Seeds of Terror by Gretchen Peters, 2009, Excerpts
The origins of the Taliban are steeped in legend, elevating the group’s barely literate, one-eyed leader to semi-divine status. The story begins in mid-1994 when rival warlords were ravaging the Afghan countryside and terrorizing the public. Neighbors came to Mullah Omar, then a teacher in a small religious school, or madrassa, outside Kandahar, to tell him two young girls in their village had been abducted by a local warlord and repeatedly raped. Horrified, Omar raised a force of thirty madrassa students [Talibs], armed with half as many rifles, and attacked the commander’s base. They freed the girls and hanged the commander from his tank barrel.
A few months later, Omar’s force intervened again when two rival commanders fought over a young boy both men wanted to take as a lover. Commanders were looting people, raping women and boys for days, and then killing them. Mullah Omar raised his voice against these people. As Omar’s reputation as a local Robin Hood grew, Afghanistan’s war-weary public embraced the Taliban, which swept across the country, capturing many towns without firing a shot. His supporters believed Omar was possessed with a profound, God-given wisdom.
The Taliban initially made commitments to stamp out the poppy trade – but only acted on them a handful of times. These commitments were swiftly dropped as political realities and need for funds overcame their original objectives. As the Taliban conquered district after district in Kandahar, they attracted the attention of other warlords with ties to the opium trade.
Fueled by drug money and joined at the hip by al Qaeda, the Taliban turned Afghanistan into the world’s first fully fledged narco-terror state. In the remote areas where it was grown, opium had literally become a form of currency. Local shopkeepers kept scales in their shops, as opposed to cash boxes or registers. You’d pay for your groceries with a golf ball-sized chunk of opium.
The Taliban built a fighting force of four thousand and was able to pay its troops three times what other Afghan commanders could. After taking control of Kandahar – just eleven months after their initial emergence – the Taliban claimed to have eleven tanks, nine transport helicopters, several MiG fighter jets, and stacks of heavy weaponry and ammunition. They set up a police training school and educated bureaucrats.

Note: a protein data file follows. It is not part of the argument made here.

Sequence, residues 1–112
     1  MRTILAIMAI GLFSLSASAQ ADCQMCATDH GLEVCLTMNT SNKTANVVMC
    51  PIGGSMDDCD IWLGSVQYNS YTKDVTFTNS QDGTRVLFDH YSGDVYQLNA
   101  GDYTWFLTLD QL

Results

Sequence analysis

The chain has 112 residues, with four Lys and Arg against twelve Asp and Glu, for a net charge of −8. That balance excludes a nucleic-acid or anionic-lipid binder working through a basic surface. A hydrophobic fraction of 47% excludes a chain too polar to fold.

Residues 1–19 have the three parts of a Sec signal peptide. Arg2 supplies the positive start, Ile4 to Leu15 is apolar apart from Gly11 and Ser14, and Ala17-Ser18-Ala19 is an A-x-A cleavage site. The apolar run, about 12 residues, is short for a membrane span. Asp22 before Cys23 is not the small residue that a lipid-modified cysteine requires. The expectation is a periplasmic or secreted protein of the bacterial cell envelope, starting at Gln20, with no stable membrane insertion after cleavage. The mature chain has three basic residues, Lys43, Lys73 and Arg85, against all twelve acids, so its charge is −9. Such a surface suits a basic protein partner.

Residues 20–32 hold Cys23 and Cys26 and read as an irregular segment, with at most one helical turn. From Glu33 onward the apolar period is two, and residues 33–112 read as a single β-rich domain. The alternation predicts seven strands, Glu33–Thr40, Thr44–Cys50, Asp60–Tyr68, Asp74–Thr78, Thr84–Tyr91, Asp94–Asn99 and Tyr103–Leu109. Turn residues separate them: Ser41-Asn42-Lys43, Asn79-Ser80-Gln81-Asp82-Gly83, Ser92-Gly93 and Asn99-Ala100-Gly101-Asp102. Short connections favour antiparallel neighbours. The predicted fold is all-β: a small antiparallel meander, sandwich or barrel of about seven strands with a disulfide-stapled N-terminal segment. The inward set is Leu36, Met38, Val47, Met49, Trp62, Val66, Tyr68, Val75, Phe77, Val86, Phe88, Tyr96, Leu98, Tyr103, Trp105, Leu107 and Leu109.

By September 1996, just two years after they emerged, they would roll victorious into Kabul. By 1997, Afghanistan became the world’s leading opium producer, having outpaced Burma.
Mullah Omar: Taliban leader 'died in Pakistan in 2013'
29 Jul 2015
Taliban leader Mullah Omar died two years ago in Pakistan, a spokesman for Afghanistan's security services says. The Taliban is expected to issue a statement soon. Sources at the Taliban's two main councils in Quetta and Peshawar in Pakistan told the BBC they were in intensive talks to agree on a replacement for Mullah Omar. Pakistan's government and security services have not commented on the claims so far. They have always denied that Mullah Omar was in their country. The Afghan government, elected last year, has embarked on a peace process with the Taliban.
Mullah Omar has not been seen in public since the fall of the Taliban regime in late 2001. Despite his long absence from the public view, the mystique of the man has been overwhelming. He had become a symbol and a unifying figure within the Taliban. While the day-to-day affairs have been managed by his deputies, everything else revolved around his name. Mullah Omar led the Taliban to victory over rival Afghan militias in the civil war that followed the withdrawal of Soviet troops. His alliance with al-Qaeda leader Osama Bin Laden prompted the US-led invasion of Afghanistan in 2001, in the aftermath of the 9/11 attacks on New York and Washington.
Mullah Mohammed Omar
- Taliban say he was born in 1960 in the village of Chah-i-Himmat, in Kandahar province
- Fought in resistance against Soviet occupation in 1980s, suffering a shrapnel injury to his right eye
- Forged close ties to al-Qaeda leader Osama Bin Laden
- Became "Supreme Leader" of Taliban movement in 1996
- US-led forces overthrew his government in 2001